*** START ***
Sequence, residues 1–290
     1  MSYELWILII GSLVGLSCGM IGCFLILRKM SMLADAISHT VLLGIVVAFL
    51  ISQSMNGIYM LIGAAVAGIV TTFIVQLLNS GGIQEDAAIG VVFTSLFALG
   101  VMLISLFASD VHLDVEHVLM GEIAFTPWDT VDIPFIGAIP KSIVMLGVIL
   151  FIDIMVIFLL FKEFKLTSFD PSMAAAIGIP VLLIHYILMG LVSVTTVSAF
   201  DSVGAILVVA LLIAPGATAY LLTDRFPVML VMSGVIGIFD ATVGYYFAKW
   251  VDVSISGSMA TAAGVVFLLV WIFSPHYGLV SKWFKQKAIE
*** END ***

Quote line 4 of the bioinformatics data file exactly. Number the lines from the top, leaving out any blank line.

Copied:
   101  VMLISLFASD VHLDVEHVLM GEIAFTPWDT VDIPFIGAIP KSIVMLGVIL